AS IMF Agreement Is Finalised, Jamaica Reaches Out To Diaspora

Photo Credit: Wikipedia - IMF Headquarters, Washington, DC.
Photo Credit: Wikipedia – IMF Headquarters, Washington, DC.

Jamaica is still in the process of creating a Diaspora policy to guide relationship between the Caribbean nation and literally millions of Jamaicans spread across the North American and European continents.

Improving this relationship has become extremely critical, as Jamaica reaches out to the global community for support, especially investments, to create the level of growth and development needed to coincide with a new four-year agreement with the International Monetary Fund (IMF) expected to be concluded by the end of April.

Minister of Foreign Affairs and Foreign Trade, A.J. Nicholson, says that the intention is to consolidate business opportunities and expand the critical contributions of the Diaspora to social development, especially in the areas of education and healthcare.

“We need to harness the energy and resources of the three million plus Jamaicans residing in the Diaspora, in order to achieve our national development objectives,” Nicholson told the Jamaican Senate, recently.

While in the past the relationship between Jamaica and its Diaspora revolved basically around issues like investment opportunities and remittances, there is now a clamour from overseas Jamaicans for a friendlier bureaucracy to enable easier access to things like passports, land titles and birth and death certificates, as well as smoother customs and postal operations.

In fact, in the recent past there were suggestions for a member of the Jamaican Diaspora to be selected to sit in the Senate, members of which are nominated by the two major political parties in Jamaica and approved by the Governor General. However, issues concerning how such a person would constitutionally fit into the Senate’s Standing Orders have delayed a decision on this matter for years.

The most important link with the country and its Diaspora has been the remittances sent home to relatives by Jamaicans abroad. This has hovered in the region of US$1.7 billion with a slight 0.6 percent increase last year over 2011 to US$1.76 billion. Although there have been some efforts to lure the Diaspora into some serious investments at home this has been hampered by bureaucracy and crime figures.

Nicholson admitted that although Jamaica has benefited significantly from the inputs of Jamaicans overseas, their initiatives have not always formed part of a comprehensive programme aimed at meeting Government’s priorities.

This has been a problem which has faced successive governments, but how much importance governments have attached to solving the issues remains questionable. The fact is that while each government has appointed ministers of state in the foreign affairs ministry to deal specifically with the Diaspora, funding for their activities seemed much too limited and much to focused on staging a mostly public relations oriented conference to achieve anything else.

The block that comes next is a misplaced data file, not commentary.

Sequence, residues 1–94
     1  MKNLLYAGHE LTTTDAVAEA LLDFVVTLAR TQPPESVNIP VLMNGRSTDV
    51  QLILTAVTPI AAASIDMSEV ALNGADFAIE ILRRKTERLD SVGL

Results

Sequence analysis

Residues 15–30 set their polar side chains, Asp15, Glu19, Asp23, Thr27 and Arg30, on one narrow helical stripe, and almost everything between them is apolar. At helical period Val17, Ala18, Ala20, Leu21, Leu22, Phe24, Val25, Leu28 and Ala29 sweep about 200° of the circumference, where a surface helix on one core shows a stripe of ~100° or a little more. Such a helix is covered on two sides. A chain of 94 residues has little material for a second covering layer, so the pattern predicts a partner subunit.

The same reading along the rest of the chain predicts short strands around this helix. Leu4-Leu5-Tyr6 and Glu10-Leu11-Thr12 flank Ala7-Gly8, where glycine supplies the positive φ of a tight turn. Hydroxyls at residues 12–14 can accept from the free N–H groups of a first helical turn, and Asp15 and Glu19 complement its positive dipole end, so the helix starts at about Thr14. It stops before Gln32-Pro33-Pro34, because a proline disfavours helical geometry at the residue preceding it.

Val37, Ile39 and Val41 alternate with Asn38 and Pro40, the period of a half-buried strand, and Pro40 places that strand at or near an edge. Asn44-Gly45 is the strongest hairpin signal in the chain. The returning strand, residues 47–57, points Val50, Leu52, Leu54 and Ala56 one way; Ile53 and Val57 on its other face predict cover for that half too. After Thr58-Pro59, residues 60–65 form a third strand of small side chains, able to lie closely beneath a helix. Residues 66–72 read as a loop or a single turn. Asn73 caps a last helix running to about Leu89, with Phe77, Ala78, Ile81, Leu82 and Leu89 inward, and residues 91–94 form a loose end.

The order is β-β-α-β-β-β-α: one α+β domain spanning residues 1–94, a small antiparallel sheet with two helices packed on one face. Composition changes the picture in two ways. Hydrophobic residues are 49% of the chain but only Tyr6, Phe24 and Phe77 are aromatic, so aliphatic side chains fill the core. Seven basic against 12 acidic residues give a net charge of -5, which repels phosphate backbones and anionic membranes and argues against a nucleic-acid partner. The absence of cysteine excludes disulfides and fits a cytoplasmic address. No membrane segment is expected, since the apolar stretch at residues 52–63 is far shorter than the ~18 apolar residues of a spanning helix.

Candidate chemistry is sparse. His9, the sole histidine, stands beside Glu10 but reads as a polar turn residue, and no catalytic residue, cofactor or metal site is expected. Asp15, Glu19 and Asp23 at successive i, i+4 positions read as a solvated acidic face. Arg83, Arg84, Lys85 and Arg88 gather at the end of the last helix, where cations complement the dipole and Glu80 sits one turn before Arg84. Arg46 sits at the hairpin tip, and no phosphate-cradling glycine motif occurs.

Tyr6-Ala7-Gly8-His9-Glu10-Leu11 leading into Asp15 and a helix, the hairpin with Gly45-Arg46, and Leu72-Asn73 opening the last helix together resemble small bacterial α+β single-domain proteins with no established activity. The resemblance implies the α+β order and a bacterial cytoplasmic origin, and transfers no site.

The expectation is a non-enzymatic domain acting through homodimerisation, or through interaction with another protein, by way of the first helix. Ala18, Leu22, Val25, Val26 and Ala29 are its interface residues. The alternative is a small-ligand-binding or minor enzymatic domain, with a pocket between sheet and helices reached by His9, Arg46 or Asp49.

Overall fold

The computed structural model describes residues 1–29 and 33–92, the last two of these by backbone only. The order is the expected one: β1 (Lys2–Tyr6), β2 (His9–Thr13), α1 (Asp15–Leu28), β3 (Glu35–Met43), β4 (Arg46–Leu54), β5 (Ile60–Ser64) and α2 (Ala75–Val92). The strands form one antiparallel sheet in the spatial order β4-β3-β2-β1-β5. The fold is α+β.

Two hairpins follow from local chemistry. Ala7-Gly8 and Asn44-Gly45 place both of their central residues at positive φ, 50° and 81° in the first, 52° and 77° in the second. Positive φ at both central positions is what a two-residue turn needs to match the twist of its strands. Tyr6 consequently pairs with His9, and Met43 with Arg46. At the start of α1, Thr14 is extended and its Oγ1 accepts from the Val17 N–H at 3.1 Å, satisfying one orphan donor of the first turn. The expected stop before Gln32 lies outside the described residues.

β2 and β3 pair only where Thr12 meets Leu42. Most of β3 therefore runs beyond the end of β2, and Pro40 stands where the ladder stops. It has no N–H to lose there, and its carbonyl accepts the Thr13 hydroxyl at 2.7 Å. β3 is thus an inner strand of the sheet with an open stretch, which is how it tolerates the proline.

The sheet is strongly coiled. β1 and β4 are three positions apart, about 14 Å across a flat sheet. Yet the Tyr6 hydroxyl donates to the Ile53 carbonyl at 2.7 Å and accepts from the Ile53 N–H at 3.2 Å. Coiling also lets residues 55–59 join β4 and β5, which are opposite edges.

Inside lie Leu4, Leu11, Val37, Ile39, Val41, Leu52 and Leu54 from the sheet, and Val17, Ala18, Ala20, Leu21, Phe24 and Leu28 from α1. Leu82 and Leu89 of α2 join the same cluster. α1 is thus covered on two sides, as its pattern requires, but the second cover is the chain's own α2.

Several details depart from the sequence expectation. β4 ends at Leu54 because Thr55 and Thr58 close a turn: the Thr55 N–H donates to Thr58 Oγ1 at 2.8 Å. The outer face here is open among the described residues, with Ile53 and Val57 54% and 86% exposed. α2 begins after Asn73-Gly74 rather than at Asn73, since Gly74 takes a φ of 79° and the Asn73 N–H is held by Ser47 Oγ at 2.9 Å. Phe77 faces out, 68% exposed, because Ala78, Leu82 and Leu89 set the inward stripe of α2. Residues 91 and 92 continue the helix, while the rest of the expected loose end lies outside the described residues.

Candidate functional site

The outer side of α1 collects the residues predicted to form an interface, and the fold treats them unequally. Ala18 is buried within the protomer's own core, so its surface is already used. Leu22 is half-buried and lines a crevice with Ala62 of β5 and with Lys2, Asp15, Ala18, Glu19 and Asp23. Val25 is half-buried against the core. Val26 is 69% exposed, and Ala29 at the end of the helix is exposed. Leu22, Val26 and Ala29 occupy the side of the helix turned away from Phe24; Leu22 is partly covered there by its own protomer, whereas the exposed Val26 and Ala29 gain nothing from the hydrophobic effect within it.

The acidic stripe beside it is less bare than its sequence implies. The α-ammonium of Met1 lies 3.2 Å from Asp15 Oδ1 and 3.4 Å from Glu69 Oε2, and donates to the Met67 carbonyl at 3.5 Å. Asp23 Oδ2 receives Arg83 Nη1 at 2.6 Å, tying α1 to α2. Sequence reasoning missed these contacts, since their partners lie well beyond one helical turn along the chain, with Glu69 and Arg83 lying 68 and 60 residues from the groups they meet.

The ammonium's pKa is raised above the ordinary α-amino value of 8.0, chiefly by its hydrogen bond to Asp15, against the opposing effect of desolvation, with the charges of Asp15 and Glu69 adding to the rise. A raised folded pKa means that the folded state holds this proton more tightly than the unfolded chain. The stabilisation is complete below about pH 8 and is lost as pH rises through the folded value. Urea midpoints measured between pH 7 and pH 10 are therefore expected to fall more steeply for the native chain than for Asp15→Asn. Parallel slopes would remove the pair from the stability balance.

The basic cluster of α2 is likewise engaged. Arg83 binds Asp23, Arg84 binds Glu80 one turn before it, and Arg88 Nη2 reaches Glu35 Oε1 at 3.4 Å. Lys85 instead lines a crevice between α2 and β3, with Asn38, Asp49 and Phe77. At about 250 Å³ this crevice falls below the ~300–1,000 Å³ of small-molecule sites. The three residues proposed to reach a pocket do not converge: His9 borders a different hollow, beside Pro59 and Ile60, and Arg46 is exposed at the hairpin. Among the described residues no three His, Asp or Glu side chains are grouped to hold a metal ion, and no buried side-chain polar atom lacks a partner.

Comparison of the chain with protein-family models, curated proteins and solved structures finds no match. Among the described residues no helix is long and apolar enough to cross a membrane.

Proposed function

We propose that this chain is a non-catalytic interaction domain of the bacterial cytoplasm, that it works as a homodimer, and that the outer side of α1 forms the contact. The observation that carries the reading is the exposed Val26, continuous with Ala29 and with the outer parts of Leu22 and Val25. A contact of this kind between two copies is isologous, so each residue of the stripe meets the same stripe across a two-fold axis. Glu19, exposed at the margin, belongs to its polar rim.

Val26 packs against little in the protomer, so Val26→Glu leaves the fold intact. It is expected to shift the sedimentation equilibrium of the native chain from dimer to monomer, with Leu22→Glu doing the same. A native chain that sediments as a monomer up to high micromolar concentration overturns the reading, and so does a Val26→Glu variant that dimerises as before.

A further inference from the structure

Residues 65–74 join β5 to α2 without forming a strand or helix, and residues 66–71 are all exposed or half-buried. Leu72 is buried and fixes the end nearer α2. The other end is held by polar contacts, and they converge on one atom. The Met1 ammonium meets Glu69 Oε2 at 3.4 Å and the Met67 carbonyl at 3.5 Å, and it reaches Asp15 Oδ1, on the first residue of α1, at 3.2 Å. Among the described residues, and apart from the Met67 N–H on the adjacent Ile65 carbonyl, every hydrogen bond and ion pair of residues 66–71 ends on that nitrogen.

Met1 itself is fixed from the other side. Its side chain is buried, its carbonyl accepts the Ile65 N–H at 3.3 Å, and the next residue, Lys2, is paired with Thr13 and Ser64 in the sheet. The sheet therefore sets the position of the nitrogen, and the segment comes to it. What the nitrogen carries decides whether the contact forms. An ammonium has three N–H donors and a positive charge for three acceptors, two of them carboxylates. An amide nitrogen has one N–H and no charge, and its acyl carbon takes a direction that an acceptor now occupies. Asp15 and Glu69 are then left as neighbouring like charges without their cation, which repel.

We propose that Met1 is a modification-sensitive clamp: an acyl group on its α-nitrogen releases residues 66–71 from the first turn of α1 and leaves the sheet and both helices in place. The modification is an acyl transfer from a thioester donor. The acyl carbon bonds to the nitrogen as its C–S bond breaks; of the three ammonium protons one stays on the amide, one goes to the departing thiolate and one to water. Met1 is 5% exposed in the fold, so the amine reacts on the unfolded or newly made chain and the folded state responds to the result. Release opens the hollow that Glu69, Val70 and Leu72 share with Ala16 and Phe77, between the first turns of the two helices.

In addition, there have been complaints by leaders in the Diaspora of being ignored by the state ministers, who seem to focus their attention abroad on individuals and organizations which are more sympathetic to one or the other political party.

But, Nicholson seems to think that the 5th Biennial Jamaica Diaspora Conference, scheduled for Montego Bay in mid-June, will be somewhat different.

“This year’s conference is an important elevation in the engagement process, and is designed to match Diaspora initiatives to Government priorities for economic growth, job creation and social protection,” he stated.

He said that the Diaspora would also be involved in broad consultations on the national development plan, Vision 2030, which has strategic goals and outcomes aligned to Diaspora initiatives.

 “The Diaspora can therefore determine when, where and how they will invest and become formal players in the country’s development. The conference presents an opportunity for policy makers and practitioners to be engaged with members of the Diaspora in explaining government policies and to receive direct feedback,” he suggested.

Prime Minister Portia Simpson Miller has been invited to be the keynote speaker at the opening ceremony on June 16. The Prime Minister will also host a reception for guests that evening. Minister of State in the Ministry of Foreign Affairs, Arnaldo Brown, who has responsibility for Diaspora issues, will also address the opening ceremony.

Also participating will be Commissioner of Police Owen Ellington and chairman of the Police Services Commission, Professor Gordon Shirley, who are expected to address issues pertaining to national security and the response of the security forces, which has been a matter of great concern to the Diaspora.

Developments in philanthropy, social investment and diplomacy will also be priority areas for discussion at the conference, which is aimed at building on the momentum established at the London Olympics and the 50th Independence celebrations last year.

Over 350 overseas Jamaicans are expected at the conference, including delegates from the United Kingdom (UK), the United States (US) and Canada, along with members from the Jamaican Diaspora in the Caribbean.

B. Henry, Readers Bureau, Fellow